Wednesday, December 28, 2011

Customer Disservice

What is it with automated customer service?  It costs a bundle, barely more than humans' wages and barely works.  What's with the, "Did you know you could go online and do (such and such)?"  Yeah, I know that.  It's obvious your web-designers were overpaid because their coding they "borrowed" from stinks.  These coders also lack vision or skill, and your company was gay enough to actually pay them to steal code and it doesn't work, their search-engine routine borrowed form AltaVista circa 1999.

So eventually we get to the infamous, "Contact Us" link.  Sometimes clicking it brings you to an ante-room pre-page indicating, "Hey, we spent way too much money on unoriginal programmers who steal other bad code who don't even have the class enough to change the variable names because they're inept at coding in the first place and voted Obama and want their free stuff and think they're clever so would you like to read our FAQ first?  We'd rather you not call us."  After bypassing that, because yes, I read your pathetic FAQ, you get a nice 1-800 style number.

Upon dialing you're always presented with a sad, fake-sounding, impersonal pre-recorded greeting that grates on the nerves because you know who you called and you just want to get something fixed that their company screwed-up.  After enduring sometimes up to a full minute of greetings and, "Did you know you can go ONLINE and.. " ugh.. You get to a menu.

I don't mind phone-button menus, though I'm annoyed with the "Para Espaniol numero nuevo" part that's slow and delayed, and allows a 10 second gap for the reh'tards.  So you get by the first wave of menu options and into a second, and sometimes a third.  What really irks me is the "I'm listening now.  Please say what you'd like." Voice-activated menus.  Verbal menus are still infantile in technology and are purposely made to make the caller give-up.  If a company can get you to go away, they win.  Sometimes the voice-options are hidden behind dial button options.  When the robot says things like, "You can.. make a payment, hear your balance or.. more options.  I'm listening now."  You can sometimes press 1 or 2 or whatever on your phone to not have to repeat yourself ad infinatum.  It's not hard to speak without an accent.  I can sound like I'm from Ohio just like anyone else despite my Boston, Colorado fusion-accent.  Usually, however, you cannot press a button, so you have to guess what might be a good response.  Encoded is rarely what you need, and often "Speak to a representative" is not an option until you go deep into several "More Options" menus.

Eventually you graduate to the "Speak to a representative" option because all the menu options are already online anyway, and yes I've been to your website and have it so memorized I know the bugs in the Java script coding because you got it from such-and-such a website and it's easy to exploit and would you like me to fix it for you for half the price you paid your lousy web designer from Russia?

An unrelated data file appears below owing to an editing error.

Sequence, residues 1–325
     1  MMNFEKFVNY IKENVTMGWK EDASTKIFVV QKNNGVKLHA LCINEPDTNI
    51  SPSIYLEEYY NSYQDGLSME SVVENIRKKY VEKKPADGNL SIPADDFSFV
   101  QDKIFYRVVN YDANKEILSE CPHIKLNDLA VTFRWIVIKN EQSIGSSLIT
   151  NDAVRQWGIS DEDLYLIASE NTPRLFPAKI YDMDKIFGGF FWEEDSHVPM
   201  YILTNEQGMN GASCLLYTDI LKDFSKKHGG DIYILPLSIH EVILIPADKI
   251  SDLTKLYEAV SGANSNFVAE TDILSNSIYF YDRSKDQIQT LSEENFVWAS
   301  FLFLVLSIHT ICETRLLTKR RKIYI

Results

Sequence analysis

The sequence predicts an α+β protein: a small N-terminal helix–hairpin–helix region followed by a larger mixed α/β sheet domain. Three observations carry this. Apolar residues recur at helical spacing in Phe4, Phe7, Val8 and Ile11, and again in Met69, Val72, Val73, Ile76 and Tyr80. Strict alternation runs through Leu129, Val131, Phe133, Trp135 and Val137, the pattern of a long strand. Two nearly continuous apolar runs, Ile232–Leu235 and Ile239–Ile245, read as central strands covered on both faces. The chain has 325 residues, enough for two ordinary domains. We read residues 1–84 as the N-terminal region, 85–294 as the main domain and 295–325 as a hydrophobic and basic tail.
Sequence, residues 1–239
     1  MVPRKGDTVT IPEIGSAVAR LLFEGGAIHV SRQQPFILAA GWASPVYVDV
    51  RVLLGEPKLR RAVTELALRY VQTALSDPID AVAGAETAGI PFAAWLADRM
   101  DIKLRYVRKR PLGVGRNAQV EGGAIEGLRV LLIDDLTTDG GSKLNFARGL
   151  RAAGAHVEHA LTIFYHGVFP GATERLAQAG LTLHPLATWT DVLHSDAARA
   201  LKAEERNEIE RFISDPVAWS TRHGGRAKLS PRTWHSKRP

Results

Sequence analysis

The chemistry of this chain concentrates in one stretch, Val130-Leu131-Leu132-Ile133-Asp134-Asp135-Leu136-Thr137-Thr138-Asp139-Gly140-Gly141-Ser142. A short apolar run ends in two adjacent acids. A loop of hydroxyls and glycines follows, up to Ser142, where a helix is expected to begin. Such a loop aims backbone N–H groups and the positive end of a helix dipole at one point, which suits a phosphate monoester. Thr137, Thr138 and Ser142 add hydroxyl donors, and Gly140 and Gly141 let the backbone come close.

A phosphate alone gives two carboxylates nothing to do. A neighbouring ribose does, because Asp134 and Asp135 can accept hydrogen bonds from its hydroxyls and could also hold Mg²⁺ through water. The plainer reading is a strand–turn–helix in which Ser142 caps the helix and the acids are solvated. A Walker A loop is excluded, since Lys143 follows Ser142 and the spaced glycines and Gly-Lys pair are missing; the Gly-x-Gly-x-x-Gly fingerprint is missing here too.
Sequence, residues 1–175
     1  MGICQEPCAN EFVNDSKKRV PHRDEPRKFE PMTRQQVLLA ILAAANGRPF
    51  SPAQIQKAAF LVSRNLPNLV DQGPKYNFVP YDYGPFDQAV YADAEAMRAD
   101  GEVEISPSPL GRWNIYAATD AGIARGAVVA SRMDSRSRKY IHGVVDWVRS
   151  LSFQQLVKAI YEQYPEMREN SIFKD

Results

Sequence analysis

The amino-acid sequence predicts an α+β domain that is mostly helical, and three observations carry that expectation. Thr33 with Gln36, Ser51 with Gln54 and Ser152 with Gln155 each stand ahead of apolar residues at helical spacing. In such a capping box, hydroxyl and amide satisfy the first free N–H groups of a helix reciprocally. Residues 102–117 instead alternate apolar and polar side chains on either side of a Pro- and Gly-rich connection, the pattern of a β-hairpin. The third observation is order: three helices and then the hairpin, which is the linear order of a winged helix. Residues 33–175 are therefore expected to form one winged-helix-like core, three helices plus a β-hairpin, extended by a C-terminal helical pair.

Unfortunately, the "Speak to a representative" option takes you 'round the world to India.  Now, I have nothing against India.  The girls are all pretty attractive and the men are pleasant and polite enough, though they all seem to seethe the scent of curry powder (they say we smell like cheddar cheese, I guess it's why we're called Yankees worldwide.)  You always talk to some guy named "George" or "John" when it's really "Himanshu Patel" or some such alien name.  It's their job to get you off the phone.  Sometimes they use passive-aggressive behavior, such as having you put on-hold and then disconnecting you.  Uh-huh.  Suuuure.  NEVER let them do that.  NEVER be put on-hold or you'll likely have to start over from square negative zero.  There's the annoying language barrier that you have to decipher a bit (though they do quite a fine job if you think about it, speaking English and dealing with Southerners and what not, all the American dialects).

Ultimately, they can't help you.  Ever.  They just re-iterate what you see on their website.  Speaking to a supervisor usually leads to hang-ups.  Once in a great while they'll transfer you BACK to the good old US of A and you can make some headway.. sometimes.. rarely.

All that effort, all that money outsourced to India and Russian programmers and they could have saved millions by hiring 3 smart kids with some computer skills and good patients with customers here in the USA who know better than to read a script, ".. so is your computer power turned on?"

Wake-up, companies.  You're drowning, and a good part of it is your customer disservice.

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